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Weather Talk: What is hype?

The weather system approaching our region Sunday, March 4, showed up in the medium-range weather models about a week ago. Because of the blocked-up weather pattern around the Northern Hemisphere, our WDAY weather team was able to predict with a high degree of certainty that it would affect our region.

We were careful to not "hype" the forecast by throwing out specific predictions too early, and we always indicated a range of outcomes from minor to major. However, it is likely that merely by talking about the storm for so many days, many of our listeners and viewers may have developed an impression that the storm was certain to be a big one.

Are we guilty of hype or is it the audience who has taken the uncertainty we expressed and did their own hyping? Would the audience rather we had not discussed the possibility of this storm until the forecast was more certain, or was it better to have offered unspecific knowledge of a likely storm?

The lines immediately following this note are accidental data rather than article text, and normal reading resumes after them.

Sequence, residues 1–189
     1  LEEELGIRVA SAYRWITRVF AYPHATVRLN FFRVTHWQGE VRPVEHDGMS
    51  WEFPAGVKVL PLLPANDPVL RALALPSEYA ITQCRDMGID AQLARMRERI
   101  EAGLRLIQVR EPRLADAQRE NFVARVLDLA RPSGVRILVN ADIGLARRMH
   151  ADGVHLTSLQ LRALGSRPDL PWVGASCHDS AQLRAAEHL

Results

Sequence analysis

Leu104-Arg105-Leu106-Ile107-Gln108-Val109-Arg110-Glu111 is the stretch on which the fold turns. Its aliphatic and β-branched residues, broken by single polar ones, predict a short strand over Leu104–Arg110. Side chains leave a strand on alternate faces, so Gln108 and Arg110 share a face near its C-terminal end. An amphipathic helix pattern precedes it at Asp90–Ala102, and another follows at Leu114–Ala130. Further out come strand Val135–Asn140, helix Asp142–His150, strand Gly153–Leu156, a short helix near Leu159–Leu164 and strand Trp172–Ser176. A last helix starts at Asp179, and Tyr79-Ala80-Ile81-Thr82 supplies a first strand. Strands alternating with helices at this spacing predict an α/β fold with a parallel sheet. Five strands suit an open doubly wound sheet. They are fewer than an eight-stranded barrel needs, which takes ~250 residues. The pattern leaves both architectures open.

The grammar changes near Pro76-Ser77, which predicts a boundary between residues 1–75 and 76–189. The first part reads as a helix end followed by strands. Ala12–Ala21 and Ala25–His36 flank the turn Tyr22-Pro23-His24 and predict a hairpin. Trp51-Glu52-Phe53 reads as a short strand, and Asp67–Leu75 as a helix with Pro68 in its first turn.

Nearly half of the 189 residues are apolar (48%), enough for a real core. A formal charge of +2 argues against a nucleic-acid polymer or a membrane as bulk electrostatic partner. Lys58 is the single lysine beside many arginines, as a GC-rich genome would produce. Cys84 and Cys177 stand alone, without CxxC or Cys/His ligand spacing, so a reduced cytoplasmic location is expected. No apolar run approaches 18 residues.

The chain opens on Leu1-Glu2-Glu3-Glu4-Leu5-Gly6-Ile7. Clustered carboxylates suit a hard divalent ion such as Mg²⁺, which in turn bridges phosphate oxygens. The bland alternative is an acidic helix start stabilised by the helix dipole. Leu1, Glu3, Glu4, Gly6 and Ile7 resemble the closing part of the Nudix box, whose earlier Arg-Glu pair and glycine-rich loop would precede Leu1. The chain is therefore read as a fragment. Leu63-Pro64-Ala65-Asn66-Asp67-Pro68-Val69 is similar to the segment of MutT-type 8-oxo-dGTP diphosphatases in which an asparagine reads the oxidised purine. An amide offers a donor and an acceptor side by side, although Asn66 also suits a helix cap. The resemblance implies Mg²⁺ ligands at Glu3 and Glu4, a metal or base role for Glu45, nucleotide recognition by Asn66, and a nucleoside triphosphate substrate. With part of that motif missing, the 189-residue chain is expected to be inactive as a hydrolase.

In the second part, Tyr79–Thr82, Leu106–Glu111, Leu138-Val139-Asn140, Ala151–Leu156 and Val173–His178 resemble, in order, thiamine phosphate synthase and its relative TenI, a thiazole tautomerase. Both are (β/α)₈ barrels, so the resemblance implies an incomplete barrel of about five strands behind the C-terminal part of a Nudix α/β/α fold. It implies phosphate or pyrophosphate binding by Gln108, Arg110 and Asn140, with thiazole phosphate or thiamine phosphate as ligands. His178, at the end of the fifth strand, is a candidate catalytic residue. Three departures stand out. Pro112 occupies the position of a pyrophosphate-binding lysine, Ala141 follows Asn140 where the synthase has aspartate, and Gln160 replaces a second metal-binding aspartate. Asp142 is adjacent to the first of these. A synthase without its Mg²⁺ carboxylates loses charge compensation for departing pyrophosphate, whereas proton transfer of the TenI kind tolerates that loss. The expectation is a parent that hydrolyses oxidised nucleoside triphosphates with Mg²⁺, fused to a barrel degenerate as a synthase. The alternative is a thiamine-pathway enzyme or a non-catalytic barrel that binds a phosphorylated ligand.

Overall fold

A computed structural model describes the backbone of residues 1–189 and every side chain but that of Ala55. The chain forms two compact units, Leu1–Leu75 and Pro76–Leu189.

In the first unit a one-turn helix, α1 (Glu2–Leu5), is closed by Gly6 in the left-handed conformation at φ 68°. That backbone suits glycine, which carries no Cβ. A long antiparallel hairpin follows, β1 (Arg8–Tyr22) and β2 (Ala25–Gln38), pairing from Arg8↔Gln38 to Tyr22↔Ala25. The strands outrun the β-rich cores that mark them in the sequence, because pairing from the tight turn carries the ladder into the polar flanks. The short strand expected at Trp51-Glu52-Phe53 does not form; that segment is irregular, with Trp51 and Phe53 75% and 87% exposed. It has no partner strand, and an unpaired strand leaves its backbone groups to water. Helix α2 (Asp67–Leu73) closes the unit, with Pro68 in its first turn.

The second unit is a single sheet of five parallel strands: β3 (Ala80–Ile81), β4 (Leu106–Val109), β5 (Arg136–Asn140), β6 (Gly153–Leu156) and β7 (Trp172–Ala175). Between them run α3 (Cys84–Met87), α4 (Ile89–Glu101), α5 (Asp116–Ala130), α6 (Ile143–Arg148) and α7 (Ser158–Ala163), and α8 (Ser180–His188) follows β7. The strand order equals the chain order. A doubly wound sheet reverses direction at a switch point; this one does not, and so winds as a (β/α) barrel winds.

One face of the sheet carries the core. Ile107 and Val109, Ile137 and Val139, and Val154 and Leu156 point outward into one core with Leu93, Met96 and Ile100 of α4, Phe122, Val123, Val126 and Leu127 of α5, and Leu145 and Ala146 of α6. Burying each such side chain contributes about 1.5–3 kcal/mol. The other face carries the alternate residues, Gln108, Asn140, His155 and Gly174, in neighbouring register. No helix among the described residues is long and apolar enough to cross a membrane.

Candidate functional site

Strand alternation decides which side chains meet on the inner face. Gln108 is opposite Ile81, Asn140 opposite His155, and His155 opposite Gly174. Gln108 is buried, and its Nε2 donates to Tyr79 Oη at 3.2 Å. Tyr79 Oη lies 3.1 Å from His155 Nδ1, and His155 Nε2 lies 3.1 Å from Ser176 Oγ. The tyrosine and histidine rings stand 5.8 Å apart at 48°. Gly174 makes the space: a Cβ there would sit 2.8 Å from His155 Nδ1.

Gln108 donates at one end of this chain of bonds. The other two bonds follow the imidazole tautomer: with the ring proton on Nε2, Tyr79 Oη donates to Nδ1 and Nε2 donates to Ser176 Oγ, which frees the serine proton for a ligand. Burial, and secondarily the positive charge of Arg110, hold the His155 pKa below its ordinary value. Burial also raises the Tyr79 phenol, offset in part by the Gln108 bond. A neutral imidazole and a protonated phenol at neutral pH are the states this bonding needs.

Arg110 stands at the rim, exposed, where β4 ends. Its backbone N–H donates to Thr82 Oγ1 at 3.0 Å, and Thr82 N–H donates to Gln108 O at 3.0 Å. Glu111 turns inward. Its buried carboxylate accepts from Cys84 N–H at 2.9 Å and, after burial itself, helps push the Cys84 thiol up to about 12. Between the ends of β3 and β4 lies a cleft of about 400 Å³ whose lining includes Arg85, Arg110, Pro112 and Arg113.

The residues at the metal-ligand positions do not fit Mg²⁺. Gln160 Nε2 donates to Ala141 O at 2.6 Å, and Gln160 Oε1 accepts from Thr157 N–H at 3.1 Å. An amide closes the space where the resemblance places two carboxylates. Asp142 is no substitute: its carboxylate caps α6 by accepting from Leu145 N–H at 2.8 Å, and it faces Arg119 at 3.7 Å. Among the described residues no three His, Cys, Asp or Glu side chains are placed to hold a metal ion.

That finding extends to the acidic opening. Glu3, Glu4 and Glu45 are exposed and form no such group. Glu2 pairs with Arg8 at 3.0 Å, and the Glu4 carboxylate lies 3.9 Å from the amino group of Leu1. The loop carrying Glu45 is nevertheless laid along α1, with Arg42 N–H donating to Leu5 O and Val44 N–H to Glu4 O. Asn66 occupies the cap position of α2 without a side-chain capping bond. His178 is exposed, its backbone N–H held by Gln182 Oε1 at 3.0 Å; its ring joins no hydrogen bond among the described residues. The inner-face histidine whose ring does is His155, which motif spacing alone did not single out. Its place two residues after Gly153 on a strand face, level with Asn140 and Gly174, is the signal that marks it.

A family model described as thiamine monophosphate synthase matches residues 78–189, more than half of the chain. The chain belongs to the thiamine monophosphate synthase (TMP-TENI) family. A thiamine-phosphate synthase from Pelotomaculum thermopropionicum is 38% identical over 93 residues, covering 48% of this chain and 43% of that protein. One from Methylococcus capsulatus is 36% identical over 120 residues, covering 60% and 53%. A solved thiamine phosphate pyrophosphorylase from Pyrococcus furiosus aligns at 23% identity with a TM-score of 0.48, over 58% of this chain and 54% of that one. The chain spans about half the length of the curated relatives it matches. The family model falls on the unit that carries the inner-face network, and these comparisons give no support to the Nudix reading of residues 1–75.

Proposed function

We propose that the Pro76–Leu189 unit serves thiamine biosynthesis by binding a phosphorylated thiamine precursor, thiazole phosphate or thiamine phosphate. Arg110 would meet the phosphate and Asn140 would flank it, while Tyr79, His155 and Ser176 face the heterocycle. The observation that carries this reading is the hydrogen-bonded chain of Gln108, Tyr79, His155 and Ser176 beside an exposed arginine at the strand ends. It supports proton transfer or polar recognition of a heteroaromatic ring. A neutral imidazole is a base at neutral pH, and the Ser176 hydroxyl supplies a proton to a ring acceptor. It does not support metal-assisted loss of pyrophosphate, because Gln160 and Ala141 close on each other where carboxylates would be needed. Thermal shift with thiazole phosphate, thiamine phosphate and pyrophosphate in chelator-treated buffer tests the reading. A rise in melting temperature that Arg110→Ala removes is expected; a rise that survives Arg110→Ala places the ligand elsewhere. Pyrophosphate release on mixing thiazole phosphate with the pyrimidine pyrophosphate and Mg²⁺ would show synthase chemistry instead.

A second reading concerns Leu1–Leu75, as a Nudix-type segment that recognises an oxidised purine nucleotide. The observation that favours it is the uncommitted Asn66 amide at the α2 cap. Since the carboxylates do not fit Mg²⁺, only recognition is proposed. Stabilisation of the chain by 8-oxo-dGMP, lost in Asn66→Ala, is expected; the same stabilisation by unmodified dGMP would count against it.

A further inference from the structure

John Wheeler

John was born in Baton Rouge, LA, and grew up near Birmingham, Alabama. As a teenager, his family moved to Madison, Wisconsin, and later to a small town in northeast Iowa. John traces his early interest in weather to the difference in climate between Alabama and Wisconsin. He is a graduate of Iowa State University with a degree in meteorology. Like any meteorologist, John is intrigued by extremes of weather, especially arctic air outbreaks and winter storms.  John has been known to say he prefers his summers to be hot but in winter, he prefers the cold.  When away from work, John enjoys long-distance running and reading.  John has been a meteorologist at WDAY since May of 1985.

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